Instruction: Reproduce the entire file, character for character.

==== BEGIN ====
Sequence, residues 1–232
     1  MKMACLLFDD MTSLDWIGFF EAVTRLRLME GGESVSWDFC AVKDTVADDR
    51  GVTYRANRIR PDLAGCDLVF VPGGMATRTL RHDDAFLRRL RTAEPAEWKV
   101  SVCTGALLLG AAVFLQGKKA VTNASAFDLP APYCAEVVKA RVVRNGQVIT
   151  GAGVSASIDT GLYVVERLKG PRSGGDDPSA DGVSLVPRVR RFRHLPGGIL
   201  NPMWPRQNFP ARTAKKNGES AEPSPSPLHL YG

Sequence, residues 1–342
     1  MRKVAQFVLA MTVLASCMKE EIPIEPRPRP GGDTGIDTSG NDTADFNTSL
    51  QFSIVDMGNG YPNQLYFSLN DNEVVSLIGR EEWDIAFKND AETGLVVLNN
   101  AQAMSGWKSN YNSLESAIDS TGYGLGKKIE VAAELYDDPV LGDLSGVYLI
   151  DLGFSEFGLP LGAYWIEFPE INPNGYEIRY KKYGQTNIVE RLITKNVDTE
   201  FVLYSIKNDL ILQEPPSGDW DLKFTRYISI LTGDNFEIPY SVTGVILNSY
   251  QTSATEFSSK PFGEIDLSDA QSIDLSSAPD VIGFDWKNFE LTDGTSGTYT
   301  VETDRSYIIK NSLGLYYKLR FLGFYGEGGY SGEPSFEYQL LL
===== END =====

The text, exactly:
Sequence, residues 1–232
     1  MKMACLLFDD MTSLDWIGFF EAVTRLRLME GGESVSWDFC AVKDTVADDR
    51  GVTYRANRIR PDLAGCDLVF VPGGMATRTL RHDDAFLRRL RTAEPAEWKV
   101  SVCTGALLLG AAVFLQGKKA VTNASAFDLP APYCAEVVKA RVVRNGQVIT
   151  GAGVSASIDT GLYVVERLKG PRSGGDDPSA DGVSLVPRVR RFRHLPGGIL
   201  NPMWPRQNFP ARTAKKNGES AEPSPSPLHL YG

Sequence, residues 1–342
     1  MRKVAQFVLA MTVLASCMKE EIPIEPRPRP GGDTGIDTSG NDTADFNTSL
    51  QFSIVDMGNG YPNQLYFSLN DNEVVSLIGR EEWDIAFKND AETGLVVLNN
   101  AQAMSGWKSN YNSLESAIDS TGYGLGKKIE VAAELYDDPV LGDLSGVYLI
   151  DLGFSEFGLP LGAYWIEFPE INPNGYEIRY KKYGQTNIVE RLITKNVDTE
   201  FVLYSIKNDL ILQEPPSGDW DLKFTRYISI LTGDNFEIPY SVTGVILNSY
   251  QTSATEFSSK PFGEIDLSDA QSIDLSSAPD VIGFDWKNFE LTDGTSGTYT
   301  VETDRSYIIK NSLGLYYKLR FLGFYGEGGY SGEPSFEYQL LL